Whenever a child is afflicted by episodes of recurrent leg pain, it is always best to have them evaluated. Other more serious foot and leg conditions should be ruled out before a diagnosis of growing pains is made.

Consult with a physician or a podiatrist if aching legs are a chronic complaint, or if the pain is so severe it interferes with the child's daily activities. Persistent pain and other unusual symptoms may indicate a more serious problem. The following symptoms are not due to growing pains and should be evaluated by a doctor:

  • Persistent pain
  • Swelling or redness in one specific area or joint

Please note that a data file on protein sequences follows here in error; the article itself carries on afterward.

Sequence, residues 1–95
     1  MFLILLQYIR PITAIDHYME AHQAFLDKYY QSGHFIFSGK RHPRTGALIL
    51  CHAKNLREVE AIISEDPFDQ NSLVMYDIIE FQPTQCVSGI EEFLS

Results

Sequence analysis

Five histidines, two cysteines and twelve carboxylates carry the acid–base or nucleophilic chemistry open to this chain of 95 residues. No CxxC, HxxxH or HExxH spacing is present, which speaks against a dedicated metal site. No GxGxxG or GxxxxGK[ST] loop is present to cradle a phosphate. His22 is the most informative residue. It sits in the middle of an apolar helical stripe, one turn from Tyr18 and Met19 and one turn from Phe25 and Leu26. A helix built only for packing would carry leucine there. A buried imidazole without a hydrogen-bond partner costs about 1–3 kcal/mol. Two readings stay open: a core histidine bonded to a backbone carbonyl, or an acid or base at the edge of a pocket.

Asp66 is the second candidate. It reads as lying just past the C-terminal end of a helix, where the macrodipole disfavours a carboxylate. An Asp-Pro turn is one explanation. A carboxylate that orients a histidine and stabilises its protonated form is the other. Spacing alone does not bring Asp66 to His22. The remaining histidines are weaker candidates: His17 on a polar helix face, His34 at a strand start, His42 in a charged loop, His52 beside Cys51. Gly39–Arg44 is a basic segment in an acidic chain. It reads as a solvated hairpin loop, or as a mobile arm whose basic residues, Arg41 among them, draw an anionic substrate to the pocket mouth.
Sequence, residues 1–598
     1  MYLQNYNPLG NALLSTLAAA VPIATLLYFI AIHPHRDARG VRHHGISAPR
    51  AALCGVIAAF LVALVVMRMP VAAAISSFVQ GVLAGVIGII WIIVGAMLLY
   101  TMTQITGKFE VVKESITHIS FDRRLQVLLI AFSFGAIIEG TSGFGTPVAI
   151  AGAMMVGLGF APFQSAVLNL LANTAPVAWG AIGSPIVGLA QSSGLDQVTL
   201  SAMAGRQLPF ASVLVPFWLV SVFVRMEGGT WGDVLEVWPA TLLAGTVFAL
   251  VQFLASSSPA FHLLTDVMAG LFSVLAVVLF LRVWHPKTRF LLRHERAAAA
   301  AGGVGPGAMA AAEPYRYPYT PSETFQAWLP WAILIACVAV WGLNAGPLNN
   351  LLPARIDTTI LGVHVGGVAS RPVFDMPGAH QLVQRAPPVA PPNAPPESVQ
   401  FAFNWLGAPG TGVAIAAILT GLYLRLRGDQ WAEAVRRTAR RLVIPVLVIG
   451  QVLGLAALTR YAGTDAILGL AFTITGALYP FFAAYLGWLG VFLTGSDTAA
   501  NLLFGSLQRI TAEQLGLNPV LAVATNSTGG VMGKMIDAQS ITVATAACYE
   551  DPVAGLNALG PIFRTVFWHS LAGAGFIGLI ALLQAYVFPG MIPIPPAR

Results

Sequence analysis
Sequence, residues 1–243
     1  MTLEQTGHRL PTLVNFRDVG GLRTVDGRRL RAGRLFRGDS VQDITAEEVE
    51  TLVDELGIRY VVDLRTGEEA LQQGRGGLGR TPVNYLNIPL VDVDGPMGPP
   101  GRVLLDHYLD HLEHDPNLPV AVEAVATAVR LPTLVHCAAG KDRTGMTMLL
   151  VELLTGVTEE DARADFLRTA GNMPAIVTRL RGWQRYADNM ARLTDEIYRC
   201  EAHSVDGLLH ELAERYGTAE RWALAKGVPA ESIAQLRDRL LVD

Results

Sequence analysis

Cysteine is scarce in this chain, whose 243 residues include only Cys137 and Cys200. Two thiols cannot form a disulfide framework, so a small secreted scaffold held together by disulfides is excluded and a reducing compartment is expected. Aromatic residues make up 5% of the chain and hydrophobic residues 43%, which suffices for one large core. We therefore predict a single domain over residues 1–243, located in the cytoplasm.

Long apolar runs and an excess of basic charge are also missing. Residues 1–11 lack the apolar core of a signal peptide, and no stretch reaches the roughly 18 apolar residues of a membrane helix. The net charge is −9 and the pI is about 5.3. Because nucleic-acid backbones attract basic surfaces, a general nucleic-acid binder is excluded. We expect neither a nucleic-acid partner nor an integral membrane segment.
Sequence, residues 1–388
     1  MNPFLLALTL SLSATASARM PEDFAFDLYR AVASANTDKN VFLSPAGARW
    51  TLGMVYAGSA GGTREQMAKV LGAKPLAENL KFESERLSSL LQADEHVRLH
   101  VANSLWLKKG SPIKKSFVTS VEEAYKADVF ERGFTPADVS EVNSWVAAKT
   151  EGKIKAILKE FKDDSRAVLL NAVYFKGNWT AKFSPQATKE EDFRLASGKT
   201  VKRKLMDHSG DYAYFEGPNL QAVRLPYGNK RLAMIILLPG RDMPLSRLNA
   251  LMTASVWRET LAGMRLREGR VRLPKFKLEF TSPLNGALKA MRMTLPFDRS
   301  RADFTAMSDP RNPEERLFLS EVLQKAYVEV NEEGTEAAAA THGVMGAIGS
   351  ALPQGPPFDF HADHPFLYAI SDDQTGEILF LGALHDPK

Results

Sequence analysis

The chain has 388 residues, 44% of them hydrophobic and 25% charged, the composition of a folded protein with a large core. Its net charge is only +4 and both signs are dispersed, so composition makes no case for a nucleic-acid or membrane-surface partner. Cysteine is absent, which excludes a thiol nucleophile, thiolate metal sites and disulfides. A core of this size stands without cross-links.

• Limping
  • Fever
  • Loss of Appetite
  • Weakness
  • Fatigue
  • Abnormal behavior

There are no treatments or medications available for growing pains, but parents can help ease the pain with simple home remedies.

  • Massage and rub the child's ache until the pain passes
  • Stretch your child's legs throughout the day and before bed
  • Heating pads or warm baths can help soothe sore muscles
  • Over-the-counter pain relievers (always consult with physician first)

While growing pains are commonly seen in young children during the growth and development years, lower extremity pain can also be caused by mechanical misalignments and structural imperfections. A thorough evaluation is crucial in order to determine the exact cause of your child's leg pain. If growing pains are the cause of your child's discomfort, rest assured that the pain is only temporary and will pass with time.

By A.A. Podiatry
October 01, 2015
Category: Foot Health
Tags: Foot Odor